The Goblin Pony
by Andrew Lang
'Don't stir from the fireplace to-night,' said old Peggy, 'for the
wind is blowing so violently that the house shakes; besides, this is
Hallow-e'en, when the witches are abroad, and the goblins, who are
their servants, are wandering about in all sorts of disguises, doing
harm to the children of men.'
'Why should I stay here?' said the eldest of the young people. 'No,
I must go and see what the daughter of old Jacob, the rope- maker, is
doing. She wouldn't close her blue eyes all night if I didn't visit her
father before the moon had gone down.'
'I must go and catch lobsters and crabs' said the second, 'and not
all the witches and goblins in the world shall hinder me.'
So they all determined to go on their business or pleasure, and
scorned the wise advice of old Peggy. Only the youngest child hesitated
a minute, when she said to him, 'You stay here, my little Richard, and
I will tell you beautiful stories.'
But he wanted to pick a bunch of wild thyme and some blackberries by
moonlight, and ran out after the others. When they got outside the
house they said: 'The old woman talks of wind and storm, but never was
the weather finer or the sky more clear; see how majestically the moon
stalks through the transparent clouds!'
Then all of a sudden they noticed a little black pony close beside
'Oh, ho!' they said, 'that is old Valentine's pony; it must have
escaped from its stable, and is going down to drink at the horse-pond.'
'My pretty little pony,' said the eldest, patting the creature with
his hand, 'you mustn't run too far; I'll take you to the pond myself.'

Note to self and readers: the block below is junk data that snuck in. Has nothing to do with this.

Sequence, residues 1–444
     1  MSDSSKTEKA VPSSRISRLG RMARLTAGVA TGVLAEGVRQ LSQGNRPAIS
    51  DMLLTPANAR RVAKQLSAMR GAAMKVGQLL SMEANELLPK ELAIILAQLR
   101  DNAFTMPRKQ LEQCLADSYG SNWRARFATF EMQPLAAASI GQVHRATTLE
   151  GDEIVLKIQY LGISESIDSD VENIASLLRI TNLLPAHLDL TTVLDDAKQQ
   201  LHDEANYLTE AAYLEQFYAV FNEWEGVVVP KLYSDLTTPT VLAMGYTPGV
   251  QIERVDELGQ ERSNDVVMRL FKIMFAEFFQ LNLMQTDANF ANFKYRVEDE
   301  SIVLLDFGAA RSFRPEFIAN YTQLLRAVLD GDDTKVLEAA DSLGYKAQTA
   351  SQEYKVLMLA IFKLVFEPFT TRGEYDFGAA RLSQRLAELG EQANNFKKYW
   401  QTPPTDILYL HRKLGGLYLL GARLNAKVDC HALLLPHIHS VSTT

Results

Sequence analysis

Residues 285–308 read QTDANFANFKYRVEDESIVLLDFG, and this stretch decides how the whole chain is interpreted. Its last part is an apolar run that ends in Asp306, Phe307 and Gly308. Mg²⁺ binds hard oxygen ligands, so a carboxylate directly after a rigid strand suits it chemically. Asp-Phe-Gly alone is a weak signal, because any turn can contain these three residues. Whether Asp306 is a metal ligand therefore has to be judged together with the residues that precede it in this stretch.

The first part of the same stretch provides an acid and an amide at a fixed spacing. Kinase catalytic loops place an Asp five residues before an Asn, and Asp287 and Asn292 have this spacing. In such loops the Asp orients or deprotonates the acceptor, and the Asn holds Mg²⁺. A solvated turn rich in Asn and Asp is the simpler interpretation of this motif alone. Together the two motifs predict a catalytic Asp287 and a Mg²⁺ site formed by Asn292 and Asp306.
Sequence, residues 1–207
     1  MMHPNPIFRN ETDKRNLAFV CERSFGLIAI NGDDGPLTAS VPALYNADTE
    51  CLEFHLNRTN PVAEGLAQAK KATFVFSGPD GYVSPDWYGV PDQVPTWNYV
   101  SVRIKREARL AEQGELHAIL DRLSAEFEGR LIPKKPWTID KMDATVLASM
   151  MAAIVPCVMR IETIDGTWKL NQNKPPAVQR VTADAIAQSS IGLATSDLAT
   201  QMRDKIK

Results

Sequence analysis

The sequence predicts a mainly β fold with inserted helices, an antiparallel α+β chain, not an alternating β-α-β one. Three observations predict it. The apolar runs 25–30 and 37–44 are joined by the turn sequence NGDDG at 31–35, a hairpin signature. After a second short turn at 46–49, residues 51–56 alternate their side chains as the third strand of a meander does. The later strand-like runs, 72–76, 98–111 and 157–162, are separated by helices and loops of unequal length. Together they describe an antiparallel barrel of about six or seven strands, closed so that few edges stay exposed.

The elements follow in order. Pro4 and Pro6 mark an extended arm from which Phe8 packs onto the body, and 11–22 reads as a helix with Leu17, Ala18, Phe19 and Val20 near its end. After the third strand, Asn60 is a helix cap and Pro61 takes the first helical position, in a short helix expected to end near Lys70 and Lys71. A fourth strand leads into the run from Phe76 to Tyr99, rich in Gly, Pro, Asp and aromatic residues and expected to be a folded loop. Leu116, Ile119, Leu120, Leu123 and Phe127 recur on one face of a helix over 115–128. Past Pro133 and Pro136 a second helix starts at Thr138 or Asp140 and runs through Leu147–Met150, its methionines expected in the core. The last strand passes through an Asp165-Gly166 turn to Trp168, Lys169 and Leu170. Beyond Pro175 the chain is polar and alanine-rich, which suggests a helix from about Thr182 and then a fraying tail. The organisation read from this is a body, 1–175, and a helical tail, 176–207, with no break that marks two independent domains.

With these words he jumped on the pony's back and was quickly
followed by his second brother, then by the third, and so on, till at
last they were all astride the little beast, down to the small Richard,
who didn't like to be left behind.
On the way to the pond they met several of their companions, and
they invited them all to mount the pony, which they did, and the little
creature did not seem to mind the extra weight, but trotted merrily
The quicker it trotted the more the young people enjoyed the fun;
they dug their heels into the pony's sides and called out, 'Gallop,
little horse, you have never had such brave riders on your back
In the meantime the wind had risen again, and the waves began to
howl; but the pony did not seem to mind the noise, and instead of going
to the pond, cantered gaily towards the sea-shore.
Richard began to regret his thyme and blackberries, and the eldest
brother seized the pony by the mane and tried to make it turn round,
for he remembered the blue eyes of Jacob the rope- maker's daughter.
But he tugged and pulled in vain, for the pony galloped straight on
into the sea, till the waves met its forefeet. As soon as it felt the
water it neighed lustily and capered about with glee, advancing quickly
into the foaming billows. When the waves had covered the children's
legs they repented their careless behaviour, and cried out: 'The cursed
little black pony is bewitched. If we had only listened to old Peggy's
advice we shouldn't have been lost.'
The further the pony advanced, the higher rose the sea; at last the
waves covered the children's heads and they were all drowned.
Towards morning old Peggy went out, for she was anxious about the
fate of her grandchildren. She sought them high and low, but could not
find them anywhere. She asked all the neighbours if they had seen the
children, but no one knew anything about them, except that the eldest
had not been with the blue-eyed daughter of Jacob the rope-maker.
As she was going home, bowed with grief, she saw a little black pony
coming towards her, springing and curveting in every direction. When it
got quite near her it neighed loudly, and galloped past her so quickly
that in a moment it was out of her sight.
[From the French, Kletke.]